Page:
Earlier this month, I participated in a discussion/debate at the Vatican on the topic of “The Morality of Immortality.”
The discussion was moderated by CNN medical anchor Dr. Sanjay Gupta, and included Rabbi Dr. Edward Reichman, Elder Dale Renlund, Reverend Father Dr. Nicancor Austriaco and NIH Director Dr. Francis Collins.
Here are a few compelling perspectives and insights from our discussion.
Is immortality moral? It’s important to recognize that our morals change over time.
Today, if I told you someone had the heart of a dead person transplanted into their chest to save their life, it would be considered a miracle. Go back 1,000 years, however, and the notion of organ transplantation would have been considered black magic.
Surrogate pregnancy is another modern-day miracle that, in another era, would not have been accepted.
I believe we’ll soon make a similar ethical and moral jump to extreme longevity.
Biblical Perspective on Longevity
At the start of our panel, Dr. Gupta asked Rabbi Dr. Edward Reichman, to provide a historical context from the Old Testament about aging.
“Adam lived to 930 years old,” stated Rabbi Reichman. “Methuselah lived to 969 years old. Abraham lived 175 years… Moses died at 120, and it is after Moses (in the Bible) that the human life span is set at its maximum to 120 years.”
Rabbi Reichman continues: “At the time of the flood of Noah, God pronounced that [humans] will be 120 years old. That did not occur immediately. [It] took roughly 750 years for the longevity of man to gradually taper down from roughly 900 years old to 120 years old.”
Rabbi Reichman cited the work of Nathan Aviezer, a contemporary scientist and physics professor in Israel who writes on the Torah from an Orthodox Jewish perspective. Aviezer’s interpretation is that, during this period, a divine intervention introduced specific genes that curtailed longevity, and it took several generations for these genes to proliferate and shorten the human lifespan.
“It could perhaps be that we are attempting to identify those genes that God introduced at that stage of history and now reverse it to achieve that longevity again,” explained Reichman.
Natural Selection, Intelligent Direction, and Divine Intervention
From an evolutionary perspective, longevity wasn’t an advantage for most of history.
The selfish gene theory has no use for humans after reproductive age (typically age 13). By age 26, your child was now having a child, and, before food was abundant (e.g. Whole Foods), the best thing you could do was not take food out of the mouths of your grandchildren and instead give “your bits back to the environment.”
“Aging is not just a running down of the system,” said Dr. Collins. “It is a programmed process. Evolution probably had an investment in having the lifespan of a particular species not go on forever. You’ve got to get the old folks out of the way so the young ones have a chance at the resources.”
Today, thanks to an ever-increasing abundance of food, we’re able to live into old age without consuming resources that should have gone to our children and grandchildren.
Nearing Longevity Escape Velocity
When I was in medical school, I saw a documentary on certain species of whales, turtles, and sharks that could live hundreds of years, and in theory, as long as 700 years.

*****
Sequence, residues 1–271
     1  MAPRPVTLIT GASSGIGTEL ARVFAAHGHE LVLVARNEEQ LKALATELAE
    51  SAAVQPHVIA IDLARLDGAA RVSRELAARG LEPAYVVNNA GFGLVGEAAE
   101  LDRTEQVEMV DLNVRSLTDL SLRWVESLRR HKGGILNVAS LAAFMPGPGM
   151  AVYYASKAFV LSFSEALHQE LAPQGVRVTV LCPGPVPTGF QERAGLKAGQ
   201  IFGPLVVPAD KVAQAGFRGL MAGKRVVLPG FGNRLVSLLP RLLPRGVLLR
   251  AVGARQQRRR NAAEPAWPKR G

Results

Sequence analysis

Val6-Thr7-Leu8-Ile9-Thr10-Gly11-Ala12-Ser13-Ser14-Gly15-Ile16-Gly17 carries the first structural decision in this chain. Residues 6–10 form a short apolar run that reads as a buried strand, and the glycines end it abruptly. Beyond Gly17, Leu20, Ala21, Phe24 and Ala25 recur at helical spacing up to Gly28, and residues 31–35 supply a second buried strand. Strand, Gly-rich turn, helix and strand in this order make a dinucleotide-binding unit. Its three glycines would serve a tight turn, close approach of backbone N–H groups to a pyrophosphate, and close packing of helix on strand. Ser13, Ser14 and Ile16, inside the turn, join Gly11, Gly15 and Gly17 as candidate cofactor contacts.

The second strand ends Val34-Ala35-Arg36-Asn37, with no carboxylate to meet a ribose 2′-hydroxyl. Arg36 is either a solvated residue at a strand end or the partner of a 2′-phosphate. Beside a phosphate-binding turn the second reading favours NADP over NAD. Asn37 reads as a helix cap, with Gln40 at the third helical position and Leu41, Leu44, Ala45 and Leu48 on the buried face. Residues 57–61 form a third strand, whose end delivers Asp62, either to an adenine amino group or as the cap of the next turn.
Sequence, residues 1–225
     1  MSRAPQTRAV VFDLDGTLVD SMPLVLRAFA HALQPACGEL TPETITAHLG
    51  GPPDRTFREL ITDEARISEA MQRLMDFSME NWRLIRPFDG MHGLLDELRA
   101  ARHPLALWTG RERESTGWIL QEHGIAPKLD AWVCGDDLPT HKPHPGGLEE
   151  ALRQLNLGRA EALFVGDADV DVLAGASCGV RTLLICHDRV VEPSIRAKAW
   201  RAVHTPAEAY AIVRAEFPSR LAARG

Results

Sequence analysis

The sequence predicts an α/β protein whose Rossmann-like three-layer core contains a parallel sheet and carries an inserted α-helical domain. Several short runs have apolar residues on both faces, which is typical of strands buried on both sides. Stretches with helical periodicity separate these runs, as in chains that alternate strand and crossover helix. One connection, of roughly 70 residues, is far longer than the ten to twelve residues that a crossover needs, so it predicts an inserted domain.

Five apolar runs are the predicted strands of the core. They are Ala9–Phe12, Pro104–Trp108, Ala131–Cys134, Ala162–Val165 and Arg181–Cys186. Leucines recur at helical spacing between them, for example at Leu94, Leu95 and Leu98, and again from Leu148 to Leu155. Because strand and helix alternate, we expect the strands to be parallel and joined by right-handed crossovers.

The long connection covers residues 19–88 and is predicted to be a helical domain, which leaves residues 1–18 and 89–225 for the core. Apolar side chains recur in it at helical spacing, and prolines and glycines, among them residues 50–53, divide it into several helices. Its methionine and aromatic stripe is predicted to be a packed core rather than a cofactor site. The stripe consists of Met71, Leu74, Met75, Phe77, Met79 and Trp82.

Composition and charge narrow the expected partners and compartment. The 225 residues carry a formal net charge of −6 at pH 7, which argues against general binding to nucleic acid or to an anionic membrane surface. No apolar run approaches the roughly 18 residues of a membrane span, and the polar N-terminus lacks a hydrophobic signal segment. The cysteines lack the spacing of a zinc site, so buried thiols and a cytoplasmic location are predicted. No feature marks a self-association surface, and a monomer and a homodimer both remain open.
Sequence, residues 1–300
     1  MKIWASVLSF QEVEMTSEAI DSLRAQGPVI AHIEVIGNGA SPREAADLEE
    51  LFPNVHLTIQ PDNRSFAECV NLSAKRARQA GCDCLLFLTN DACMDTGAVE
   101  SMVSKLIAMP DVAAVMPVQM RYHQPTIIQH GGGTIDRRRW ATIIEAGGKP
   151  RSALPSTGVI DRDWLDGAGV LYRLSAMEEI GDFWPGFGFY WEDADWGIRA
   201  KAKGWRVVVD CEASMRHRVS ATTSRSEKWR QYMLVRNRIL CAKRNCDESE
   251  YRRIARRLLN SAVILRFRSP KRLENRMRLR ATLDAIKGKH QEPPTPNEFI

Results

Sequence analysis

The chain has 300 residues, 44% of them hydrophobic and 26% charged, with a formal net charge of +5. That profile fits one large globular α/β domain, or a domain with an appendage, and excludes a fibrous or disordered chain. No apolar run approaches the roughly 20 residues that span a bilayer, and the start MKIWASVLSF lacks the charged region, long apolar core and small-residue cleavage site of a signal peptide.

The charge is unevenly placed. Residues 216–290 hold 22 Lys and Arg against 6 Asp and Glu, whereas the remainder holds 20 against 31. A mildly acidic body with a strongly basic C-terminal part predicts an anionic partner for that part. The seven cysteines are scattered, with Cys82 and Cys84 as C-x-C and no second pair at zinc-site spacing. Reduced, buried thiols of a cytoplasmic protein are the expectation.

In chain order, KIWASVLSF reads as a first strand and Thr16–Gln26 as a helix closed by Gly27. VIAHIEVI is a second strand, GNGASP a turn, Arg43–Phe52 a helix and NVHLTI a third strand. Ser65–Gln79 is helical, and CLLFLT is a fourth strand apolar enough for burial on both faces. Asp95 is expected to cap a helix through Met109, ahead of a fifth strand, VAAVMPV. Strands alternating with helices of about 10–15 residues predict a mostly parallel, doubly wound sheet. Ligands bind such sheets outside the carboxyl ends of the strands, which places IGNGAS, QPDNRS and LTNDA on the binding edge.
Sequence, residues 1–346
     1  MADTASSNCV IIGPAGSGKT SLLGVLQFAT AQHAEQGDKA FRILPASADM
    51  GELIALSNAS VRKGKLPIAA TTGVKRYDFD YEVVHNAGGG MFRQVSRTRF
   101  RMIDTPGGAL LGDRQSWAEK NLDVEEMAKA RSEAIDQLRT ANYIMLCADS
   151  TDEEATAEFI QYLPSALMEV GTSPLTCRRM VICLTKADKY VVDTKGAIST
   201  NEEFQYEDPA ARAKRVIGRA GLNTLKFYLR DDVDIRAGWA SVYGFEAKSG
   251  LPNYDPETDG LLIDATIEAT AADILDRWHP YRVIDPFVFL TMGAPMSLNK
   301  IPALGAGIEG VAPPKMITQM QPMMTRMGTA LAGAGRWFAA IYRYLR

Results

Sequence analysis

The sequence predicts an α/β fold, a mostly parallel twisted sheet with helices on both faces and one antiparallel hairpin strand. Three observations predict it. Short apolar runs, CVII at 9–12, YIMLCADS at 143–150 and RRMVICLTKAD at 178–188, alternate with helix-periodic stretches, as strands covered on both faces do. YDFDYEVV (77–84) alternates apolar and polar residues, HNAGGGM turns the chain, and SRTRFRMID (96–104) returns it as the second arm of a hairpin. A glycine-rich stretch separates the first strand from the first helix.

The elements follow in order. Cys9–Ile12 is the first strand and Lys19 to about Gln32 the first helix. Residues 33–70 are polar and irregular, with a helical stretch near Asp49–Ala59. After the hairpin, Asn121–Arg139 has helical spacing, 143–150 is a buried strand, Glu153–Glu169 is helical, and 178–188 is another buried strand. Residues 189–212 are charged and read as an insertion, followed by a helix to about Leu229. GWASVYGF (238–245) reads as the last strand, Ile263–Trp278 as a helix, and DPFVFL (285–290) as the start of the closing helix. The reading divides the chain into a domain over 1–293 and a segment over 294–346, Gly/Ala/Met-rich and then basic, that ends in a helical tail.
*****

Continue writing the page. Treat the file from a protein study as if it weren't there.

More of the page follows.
I remember thinking, “If they can, why can’t we?”
As an engineer, I figured it was either a hardware or a software problem.
Today we are finally entering an era where we are developing the tools to read the software and modify the hardware.
In his panel remarks, Dr. Francis Collins, who led the Human Genome Project and is the current director of the National Institutes of Health, shared how we’re already able to manipulate the longevity of simple organisms like the roundworm C. elegans.
“Research has shown that there is a limited set of genes that determine the lifespan of that little wriggly creature, and that with an appropriate manipulation of those genes, you can cause those worms not just to [live longer], but maybe as long as four or five times their normal lifespan,” Dr. Collins explained. “Imagine applying that to humans.”
My friend Ray Kurzweil, who co-founded Singularity University with me and is a Director of Engineering at Google, talks about the concept of “longevity escape velocity.” It’s the notion that, in the near future, science will be able to extend our lives by over a year for every year we live.
Ray’s prediction is that we’ll reach longevity escape velocity in just 10 to 12 years.
What does that mean?
It means that my two seven-year-old boys can have a potentially indefinite lifespan, simply because they’ll intercept a multitude of exponentially growing technologies as they age.
Can we extend the healthy human lifespan past 120? Can humans live indefinitely?
We’ll find out—and I believe we’ll discover the limits of longevity-extending technology in the next 20 or 30 years, not the next 50 or 100 years.
Longevity enables a variety of positive externalities. Why retire at 70 years old, at the peak of your earning capacity, when you could potentially contribute to society for another 30+ years?
Extending the human lifespan by 30 years—and postponing the retirement age—would generate the biggest global GDP boom ever.
Regardless of your religious beliefs, you’ll soon have the option to take advantage of life-extending technology. And if you don’t want to live to 250, you don’t have to.
In closing, I found it promising that all the religious leaders on my panel agreed that adding a healthy extra 30 years would be desirable. I agreed and said, “I’m happy with an age-span target of 120 healthy years, after that we can negotiate another extension.”
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